Now and again I go back to looking at the Damn Small Linux website. I never tried it but I absolutely love the idea. It was a desktop OS at only 50 MB, meant to include everything you may need on a daily basis. Of course it had to go with small scale versions for most things, but it packed no less than three different web browsers, two window managers, word processor, spreadsheet editor, pdf reader, and more. Wow!
The last release was a release candidate: 4.11rc2, on September 27, 2012.
But what is a small OS today? Could we achieve a fairly full featured desktop OS at 50 MB in 2021 (soon 2022, I guess)?
A lot of Linux versions today have a "Lite" version, meant for servers. Notably it never includes a graphical server (like X11 or Wayland), window manager, or any graphical interface programs (of course). But they do include a lot of other things. SSH server, multiple different text editors, some scripting language interpreters, firewall and other network tools, often systemd. The list goes on.
I run Raspberry Pi OS Lite (formerly Raspbian Lite) on my server, and it weighs in at 1.4 GB in its base installation. That's almost 29 times more than Damn Small Linux.
I don't know how big the Linux kernel is these days. I don't know how small an installation of just the kernel, GNU toolchain, and init system would be. If container installations are anything to go by the official Alpine Linux image is only 5 MB.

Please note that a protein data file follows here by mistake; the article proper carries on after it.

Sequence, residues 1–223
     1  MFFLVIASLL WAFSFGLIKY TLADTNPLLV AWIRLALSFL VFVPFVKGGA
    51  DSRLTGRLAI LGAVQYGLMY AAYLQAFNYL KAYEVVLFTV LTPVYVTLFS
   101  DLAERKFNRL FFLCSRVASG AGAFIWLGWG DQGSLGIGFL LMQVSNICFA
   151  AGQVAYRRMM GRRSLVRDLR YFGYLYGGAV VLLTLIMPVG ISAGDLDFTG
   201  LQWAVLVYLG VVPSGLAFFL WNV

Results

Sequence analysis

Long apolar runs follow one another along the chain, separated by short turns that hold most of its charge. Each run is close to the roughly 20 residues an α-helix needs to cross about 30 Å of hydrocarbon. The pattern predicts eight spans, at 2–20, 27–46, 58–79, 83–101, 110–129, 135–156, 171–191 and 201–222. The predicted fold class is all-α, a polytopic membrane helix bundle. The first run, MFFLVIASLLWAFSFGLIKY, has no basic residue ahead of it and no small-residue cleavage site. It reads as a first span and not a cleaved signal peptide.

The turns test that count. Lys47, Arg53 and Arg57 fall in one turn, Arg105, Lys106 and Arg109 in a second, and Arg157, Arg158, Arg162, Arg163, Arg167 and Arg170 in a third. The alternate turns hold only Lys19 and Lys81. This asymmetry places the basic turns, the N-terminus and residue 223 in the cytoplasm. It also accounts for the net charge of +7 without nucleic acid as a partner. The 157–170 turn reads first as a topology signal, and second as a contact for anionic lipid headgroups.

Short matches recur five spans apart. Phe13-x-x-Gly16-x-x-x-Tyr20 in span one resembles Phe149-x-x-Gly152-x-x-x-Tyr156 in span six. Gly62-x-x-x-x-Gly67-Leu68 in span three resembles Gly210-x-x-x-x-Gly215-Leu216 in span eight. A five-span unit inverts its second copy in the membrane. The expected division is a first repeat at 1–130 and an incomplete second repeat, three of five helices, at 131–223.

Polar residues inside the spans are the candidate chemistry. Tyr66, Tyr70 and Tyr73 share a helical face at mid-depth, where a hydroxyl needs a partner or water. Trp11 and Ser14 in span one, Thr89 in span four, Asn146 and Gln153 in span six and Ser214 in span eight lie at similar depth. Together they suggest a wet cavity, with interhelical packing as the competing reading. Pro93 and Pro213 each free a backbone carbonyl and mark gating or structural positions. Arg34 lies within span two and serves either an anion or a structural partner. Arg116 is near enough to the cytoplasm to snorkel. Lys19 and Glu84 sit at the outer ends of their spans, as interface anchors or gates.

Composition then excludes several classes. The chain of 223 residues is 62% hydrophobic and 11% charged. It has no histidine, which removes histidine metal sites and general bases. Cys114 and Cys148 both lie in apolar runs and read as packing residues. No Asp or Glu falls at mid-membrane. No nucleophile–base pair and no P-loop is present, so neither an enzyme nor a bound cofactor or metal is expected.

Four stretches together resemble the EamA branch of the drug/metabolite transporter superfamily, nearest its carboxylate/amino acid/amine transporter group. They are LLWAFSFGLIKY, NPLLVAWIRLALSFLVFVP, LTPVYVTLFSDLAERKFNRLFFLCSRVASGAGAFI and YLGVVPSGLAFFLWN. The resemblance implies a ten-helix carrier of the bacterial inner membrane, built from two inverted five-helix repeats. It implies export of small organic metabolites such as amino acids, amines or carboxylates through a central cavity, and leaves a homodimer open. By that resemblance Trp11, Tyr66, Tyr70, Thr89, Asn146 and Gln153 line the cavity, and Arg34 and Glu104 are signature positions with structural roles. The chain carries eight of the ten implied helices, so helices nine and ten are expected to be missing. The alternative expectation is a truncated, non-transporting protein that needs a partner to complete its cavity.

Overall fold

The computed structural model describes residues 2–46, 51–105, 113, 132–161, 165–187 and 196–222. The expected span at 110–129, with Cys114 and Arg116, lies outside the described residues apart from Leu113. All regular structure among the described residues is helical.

These are the things I regularly use for my personal computing:
I've estimated the sizes with 'dpkg-query | grep program' and summarising the resulting hits if they look like they're related. This definitely causes some errors. I can't for a minute imagine that GIMP is only 194 MB for example.
This doesn't even include the graphical server (Wayland), snap itself, GTK, or any of a number of dependencies like OpenSSL, libcurl, alsa, a collection of default fonts, gcc, and more. Nor does it include the pdf reader, GNOME, firewall, systemd, language packs, a number linux-modules-extra packages that I don't even know what they're for, media player, and hundreds more.
If we assume that 5 MB is the minimum base to build upon, and 50 MB in total is our soft target (meaning it's okay to overshoot, but at least aim for it), then what would you include?
Personally I have no idea. I obviously have to find lighter alternatives to almost all of my current programs. The text editor nano weighs in at 0.9 MB, for example. Maybe that could work to replace both gedit and vim. I'd have to replace some keybindings or change my keyboard layout, because some commands are incompatible with a Swedish keyboard.
I write a whole lot of stuff in python3. I don't know what I would substitute for that. Neither do I know what to use instead of GIMP or inkscape. Or graphical server and window manager, word processor and spreadsheet editor, pdf reader, web browser, media player. The list goes on.
Damn Small Linux.
-- CC0 Björn Wärmedal